3 ways your dental office design impacts profit

A well-conceived design enhances your professional image, makes your practice more efficient, improves productivity, and ultimately builds profitability.

Jul 19th, 2016
Content Dam De En Articles Print Volume 106 Issue 7 Practice 3 Ways Your Dental Office Design Impacts Profit Leftcolumn Article Thumbnailimage File

Bruce Johnstone

A well-conceived design enhances your professional image, makes your practice more efficient, improves productivity, and ultimately builds profitability. Here are three ways that happens:

Patient Satisfaction

Your patients' impressions of your practice are shaped by how they perceive your staff and office environment, as they generally do not have the expertise to evaluate your clinical skills. One survey of 16,000 patients found that a fresh, pleasant-looking office is one of 12 things that patients want most in a dentist.1

"Like it or not, when people feel good about your office and your staff, they think you're a great dentist," says Fred Joyal, founder of 1-800-DENTIST and a leading expert on consumer dental marketing. "Look at [. . .] Dunkin Donuts and Starbucks, or Apple versus Dell. We spend based on packaging, and that goes for your dental office just as much as a bottle of Grey Goose."2

Good design reinforces a positive ambience, and the expense is more than offset by the value that good design creates.

Higher Efficiency

David J. Ahearn, DDS, a practicing dentist and ergonomics consultant to dentists, who has worked with NASA and the Massachusetts Institute of Technology, says, "[Dental offices] can experience an immediate 30% increase in productivity once the improvement in workflow is complete."3 Over time, even higher productivity can be achieved as you and your staff become adept in the better layout.

Delineation of Public and Private Space

Effective interior planning ensures you have adequate areas for confidential communication, such as consultation rooms, personal offices, and zones of privacy at check-in and check-out desks. Such measures put patients at ease and improve two-way communication. Moreover, they are vital for complying with patient privacy provisions under the Health Insurance Portability and Accountability Act (HIPAA).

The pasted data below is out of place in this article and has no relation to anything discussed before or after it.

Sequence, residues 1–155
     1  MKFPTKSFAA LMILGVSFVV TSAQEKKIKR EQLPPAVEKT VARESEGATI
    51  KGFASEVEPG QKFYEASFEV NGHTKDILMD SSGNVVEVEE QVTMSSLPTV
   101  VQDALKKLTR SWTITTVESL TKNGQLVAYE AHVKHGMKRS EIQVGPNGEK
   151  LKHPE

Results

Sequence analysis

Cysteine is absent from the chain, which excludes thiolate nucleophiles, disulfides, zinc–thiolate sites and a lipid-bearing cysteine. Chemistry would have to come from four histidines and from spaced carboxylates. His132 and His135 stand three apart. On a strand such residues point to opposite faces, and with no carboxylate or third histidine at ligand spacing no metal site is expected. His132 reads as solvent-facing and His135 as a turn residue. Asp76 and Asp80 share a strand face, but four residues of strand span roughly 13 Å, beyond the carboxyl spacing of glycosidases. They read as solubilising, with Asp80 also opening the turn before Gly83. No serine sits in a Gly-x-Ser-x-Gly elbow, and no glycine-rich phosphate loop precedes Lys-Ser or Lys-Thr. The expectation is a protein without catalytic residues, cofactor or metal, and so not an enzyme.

Violations of HIPAA can result in fines starting at $50,000, and settlements can demand costly corrections and remedial measures. Showing that you made significant effort in advance to uphold patient privacy is crucial to your defense. Employ smart design to give your practice a head start in avoiding problems.

References

1. What Patients Want. Inside Dentistry website. https://www.dentalaegis.com/id/2009/10/survey-12-things-patients-want-and-how-that-affects-how-they-choose-a-dentist. Published October 2009. Accessed June 21, 2016.

2. Five Steps to Making Your Dental Office Fun. 1-800-DENTIST website. http://www.1800dentist.com/five-steps-to-making-your-dental-office-fun/. Published 2007. Accessed June 21, 2016.

3. Learning: Ergonomics. Design Ergonomics website. http://www.desergo.com/learning/learning_ergo.htm. Published 2011. Accessed June 21, 2016.


Bruce Johnstone is a project consultant at Apex Design Build. For 25 years, Apex has helped dentists nationwide with a uniquely integrated approach to the design and construction process. Bruce may be contacted at (847) 660-3074. Visit apexdesignbuild.net for photography and video examples.

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